In 2016, the DOTr imposed an age limit on jeepneys of 15 years, with older jeepneys starting to be phased out. The Public Utility Vehicle Modernization Program was formally launched in 2017, beginning the gradual phaseout of old jeepneys. As part of the PUV modernization program, all new and existing vehicles must be fitted with a tap card system which allows commuters to pay for their trip. The system would enable journey details to be recorded and the appropriate fare deducted from the stored value on the card. The majority of jeepney operators have voiced support, with a few groups voicing their opposition. Some politicians have urged the government to drop the jeepney modernization program. A 2019 study also showed that a majority of commuters prefer to ride an e-jeepney than a conventional jeepney in areas where it is available, as it provides a safer, environment-friendly, and more comfortable ride.
Rail transportation in the Greater Manila Area is a major part of the transportation system in Metro Manila and its surrounding areas. It consists of the Manila Light Rail Transit System, Manila Metro Rail Transit System, and the PNR Metro Commuter Line. The network makes up the majority of active railways in the country and bear the brunt of providing the metropolis with rail as a faster alternative mode of transport other than buses and jeepneys. However, these systems are currently insufficient for the rapidly expanding metropolis; to address this, new lines and line extensions are under construction, which will extend the system far out into neighboring regions.
While early rail systems have been operating in the region since 1883, the development of mass transit had its inception in the 1970 when the Philippine National Railways offered among its services the first Metro Commuter line. LRT Line 1, which is the first rail line operated by the Light Rail Transit Authority, a government corporation, opened in 1984, making it the first rapid rail transport in Southeast Asia. It was followed in 1999 by MRT Line 3 along EDSA operated by the private company, Metro Rail Transit Corporation, before LRT Line 2 was completed in 2003.
|Araneta City Bus Port (ACBP)||Quezon City||LRT Line 2 via Araneta Center–Cubao||Bus, jeepney, taxi and UV Express||Opened on March 14, 2017.|
|Parañaque Integrated Terminal Exchange (PITX)||Parañaque||LRT Line 1 via Asia World||Bus, jeepney, taxi and UV Express||Opened on November 5, 2018.|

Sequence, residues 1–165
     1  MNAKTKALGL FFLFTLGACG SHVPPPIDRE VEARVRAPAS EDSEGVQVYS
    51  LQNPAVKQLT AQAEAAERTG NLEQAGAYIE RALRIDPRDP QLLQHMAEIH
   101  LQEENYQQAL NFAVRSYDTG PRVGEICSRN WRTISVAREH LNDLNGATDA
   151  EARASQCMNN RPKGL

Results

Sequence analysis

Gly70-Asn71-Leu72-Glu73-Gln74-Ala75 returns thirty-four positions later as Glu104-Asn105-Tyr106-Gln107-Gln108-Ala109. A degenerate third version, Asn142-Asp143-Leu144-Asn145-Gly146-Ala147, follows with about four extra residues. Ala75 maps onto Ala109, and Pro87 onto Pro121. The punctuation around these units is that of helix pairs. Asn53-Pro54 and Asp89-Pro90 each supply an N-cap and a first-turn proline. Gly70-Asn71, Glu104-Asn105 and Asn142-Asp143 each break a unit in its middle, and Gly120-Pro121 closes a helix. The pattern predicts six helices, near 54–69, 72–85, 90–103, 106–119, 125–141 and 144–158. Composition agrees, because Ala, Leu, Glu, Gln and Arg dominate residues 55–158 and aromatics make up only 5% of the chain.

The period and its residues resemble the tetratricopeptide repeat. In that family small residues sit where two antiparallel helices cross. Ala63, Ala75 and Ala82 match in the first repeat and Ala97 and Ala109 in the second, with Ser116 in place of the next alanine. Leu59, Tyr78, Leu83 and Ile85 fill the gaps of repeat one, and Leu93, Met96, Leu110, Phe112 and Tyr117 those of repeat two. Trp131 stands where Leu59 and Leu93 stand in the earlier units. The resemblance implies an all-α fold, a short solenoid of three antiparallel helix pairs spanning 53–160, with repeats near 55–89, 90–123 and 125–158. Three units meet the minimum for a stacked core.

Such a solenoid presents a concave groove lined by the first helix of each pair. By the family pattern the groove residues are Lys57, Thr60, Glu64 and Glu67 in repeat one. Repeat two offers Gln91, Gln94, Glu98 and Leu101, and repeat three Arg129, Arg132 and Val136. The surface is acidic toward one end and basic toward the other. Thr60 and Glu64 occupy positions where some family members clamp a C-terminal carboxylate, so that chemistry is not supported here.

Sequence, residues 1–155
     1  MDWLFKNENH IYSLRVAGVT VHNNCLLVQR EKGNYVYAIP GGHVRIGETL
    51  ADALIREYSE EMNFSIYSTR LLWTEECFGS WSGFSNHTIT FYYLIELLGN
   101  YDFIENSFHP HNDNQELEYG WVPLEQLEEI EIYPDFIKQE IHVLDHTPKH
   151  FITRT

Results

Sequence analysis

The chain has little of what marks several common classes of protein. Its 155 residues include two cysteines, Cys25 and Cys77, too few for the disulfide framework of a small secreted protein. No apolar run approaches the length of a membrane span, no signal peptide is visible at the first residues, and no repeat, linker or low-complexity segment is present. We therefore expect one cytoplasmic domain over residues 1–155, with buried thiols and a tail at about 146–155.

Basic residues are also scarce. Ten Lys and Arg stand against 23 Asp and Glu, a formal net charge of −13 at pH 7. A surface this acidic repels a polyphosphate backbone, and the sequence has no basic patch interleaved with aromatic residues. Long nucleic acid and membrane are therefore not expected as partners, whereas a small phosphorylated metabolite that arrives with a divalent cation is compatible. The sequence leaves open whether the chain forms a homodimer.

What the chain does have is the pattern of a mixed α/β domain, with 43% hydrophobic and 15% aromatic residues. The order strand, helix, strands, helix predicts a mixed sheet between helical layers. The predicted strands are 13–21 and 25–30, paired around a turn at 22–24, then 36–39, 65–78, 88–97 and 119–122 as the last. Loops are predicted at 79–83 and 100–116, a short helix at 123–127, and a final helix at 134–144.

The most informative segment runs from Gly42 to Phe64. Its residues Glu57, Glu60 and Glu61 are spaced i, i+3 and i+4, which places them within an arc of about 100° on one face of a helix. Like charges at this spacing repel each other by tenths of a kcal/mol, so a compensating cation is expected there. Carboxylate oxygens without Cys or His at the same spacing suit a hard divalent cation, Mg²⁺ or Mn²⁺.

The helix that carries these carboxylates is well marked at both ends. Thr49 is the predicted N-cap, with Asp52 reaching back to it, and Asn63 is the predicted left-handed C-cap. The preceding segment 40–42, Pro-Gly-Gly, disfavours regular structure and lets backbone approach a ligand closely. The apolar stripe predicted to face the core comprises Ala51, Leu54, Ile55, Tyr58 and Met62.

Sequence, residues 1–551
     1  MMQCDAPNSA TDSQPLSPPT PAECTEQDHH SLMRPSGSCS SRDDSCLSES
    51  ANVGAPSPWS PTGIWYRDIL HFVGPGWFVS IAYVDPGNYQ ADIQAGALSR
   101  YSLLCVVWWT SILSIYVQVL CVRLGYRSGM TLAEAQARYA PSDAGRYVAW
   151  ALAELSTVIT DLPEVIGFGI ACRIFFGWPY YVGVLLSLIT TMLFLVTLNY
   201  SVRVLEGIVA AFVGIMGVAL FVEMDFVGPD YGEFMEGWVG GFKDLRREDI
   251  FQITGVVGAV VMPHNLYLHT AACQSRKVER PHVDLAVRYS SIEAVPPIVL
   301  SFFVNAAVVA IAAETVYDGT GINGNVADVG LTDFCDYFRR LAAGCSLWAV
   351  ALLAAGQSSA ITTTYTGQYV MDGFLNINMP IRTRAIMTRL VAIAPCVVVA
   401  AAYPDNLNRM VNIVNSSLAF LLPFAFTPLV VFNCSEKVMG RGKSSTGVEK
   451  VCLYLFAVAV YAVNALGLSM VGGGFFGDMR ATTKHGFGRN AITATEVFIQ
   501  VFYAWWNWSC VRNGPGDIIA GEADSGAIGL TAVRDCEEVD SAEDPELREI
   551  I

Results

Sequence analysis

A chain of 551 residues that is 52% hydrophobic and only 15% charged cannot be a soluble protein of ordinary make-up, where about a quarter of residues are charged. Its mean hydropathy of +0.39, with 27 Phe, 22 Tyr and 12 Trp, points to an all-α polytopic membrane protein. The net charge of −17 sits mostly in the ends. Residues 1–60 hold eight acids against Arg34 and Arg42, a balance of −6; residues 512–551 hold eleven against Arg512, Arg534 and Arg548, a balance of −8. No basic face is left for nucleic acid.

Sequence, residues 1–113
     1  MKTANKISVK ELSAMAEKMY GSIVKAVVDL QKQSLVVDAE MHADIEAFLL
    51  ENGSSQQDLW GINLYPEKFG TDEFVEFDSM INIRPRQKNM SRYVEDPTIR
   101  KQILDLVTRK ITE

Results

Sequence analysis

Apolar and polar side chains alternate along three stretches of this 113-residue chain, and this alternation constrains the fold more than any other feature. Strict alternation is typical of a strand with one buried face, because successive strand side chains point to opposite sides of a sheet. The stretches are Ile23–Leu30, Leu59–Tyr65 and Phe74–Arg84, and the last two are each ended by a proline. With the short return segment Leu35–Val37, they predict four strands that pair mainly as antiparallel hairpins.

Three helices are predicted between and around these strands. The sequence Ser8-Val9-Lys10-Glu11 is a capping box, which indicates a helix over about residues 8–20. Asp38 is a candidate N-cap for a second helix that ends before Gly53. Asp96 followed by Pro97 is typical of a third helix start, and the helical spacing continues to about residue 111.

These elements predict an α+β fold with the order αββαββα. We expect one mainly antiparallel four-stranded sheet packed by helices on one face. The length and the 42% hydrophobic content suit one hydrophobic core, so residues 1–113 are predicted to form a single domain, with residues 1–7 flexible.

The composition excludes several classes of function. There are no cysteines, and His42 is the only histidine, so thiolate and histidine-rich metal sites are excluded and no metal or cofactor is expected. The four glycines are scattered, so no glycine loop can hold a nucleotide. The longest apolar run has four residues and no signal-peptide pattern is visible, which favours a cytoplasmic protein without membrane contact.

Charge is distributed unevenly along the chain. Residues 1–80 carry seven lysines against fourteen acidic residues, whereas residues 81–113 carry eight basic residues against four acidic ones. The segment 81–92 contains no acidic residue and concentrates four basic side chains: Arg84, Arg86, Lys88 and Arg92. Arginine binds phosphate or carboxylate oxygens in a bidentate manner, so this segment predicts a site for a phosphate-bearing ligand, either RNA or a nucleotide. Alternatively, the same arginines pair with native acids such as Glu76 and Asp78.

|North Triangle Common Station||Quezon City||LRT Line 1 MRT Line 3 MRT Line 7 Metro Manila Subway||To be announced||Area B completed, Areas A and C under construction.|
|Taguig Integrated Terminal Exchange (TITX)||Taguig||Metro Manila Subway and North–South Commuter Railway via FTI||
Bus, jeepney, taxi, and UV Express
|Valenzuela Gateway Complex (VGC)||Valenzuela||—||Tricycles, buses, jeepneys and UV Express||Opened on August 15, 2018.|
|Note: Terminals and lines in italics are under construction|
The Ninoy Aquino International Airport (IATA: MNL, ICAO: RPLL), is the main international gateway to the Philippines and Metro Manila. The airport is located between Pasay and Parañaque, about seven kilometers south of Manila city proper and southwest of Makati. It is managed by the Manila International Airport Authority (MIAA), an attached agency of the Department of Transportation (DOTr).
With a record-breaking 42-million people using the airport in 2017, NAIA has long breached the 30-million combined passenger capacity of its four terminals. While numerous proposals from the private sector to expand NAIA have been put forward, none have been implemented. There are also exploratory talks to transfer terminal assignments among airlines.
Officially, NAIA is the only airport serving the Manila area. However, in practice, both NAIA and Clark International Airport, located in the Clark Freeport Zone in Pampanga, serve the Manila area, with Clark catering mostly to low-cost carriers because of its lower landing fees compared to those charged at NAIA. In 2018, Clark handled 2.6 million passengers, all the while undergoing expansion to bring capacity to 12 million with the addition of a second terminal to be finished by 2021.
In June 2014, JICA formally recommended the construction of a new airport in the vicinity of Sangley Point, Cavite City to replace the space-constricted NAIA. The recommendation involved the reclamation of Manila Bay to locate the new airport. This is contained in JICA's Metro Manila Dream Plan roadmap.
San Miguel Corporation, builders and concessionaires of the Manila Skyway and other infrastructure projects, submitted another unsolicited proposal in April 2018 to build an airport in northeast Manila Bay. In July 2019, the Swiss challenge period ended with no rival bids, and in September 2019 was given the Notice to Proceed from the Department of Transportation to build, operate and maintain the New Manila International Airport. Pre-construction activities, including dredging of the rivers and canals leading to the site, began in October 2020. The first phase, consisting of two runways and the terminal buildings, is scheduled for completion by 2026.
Seaports and piers
The Port of Manila, located in the vicinity of Manila Bay, is the chief seaport of the Philippines. It primarily serves the city's commercial needs. North Harbor and South Harbor experience busy periods during long holidays such as Holy Week, All Saints Day and the Christmas holidays.
Pasig River Ferry
The Pasig River Ferry Service operates 17 stations along the Pasig River from Plaza Mexico in Intramuros to Pasig. The ferry service is the only water-based transportation that cruises the Pasig River.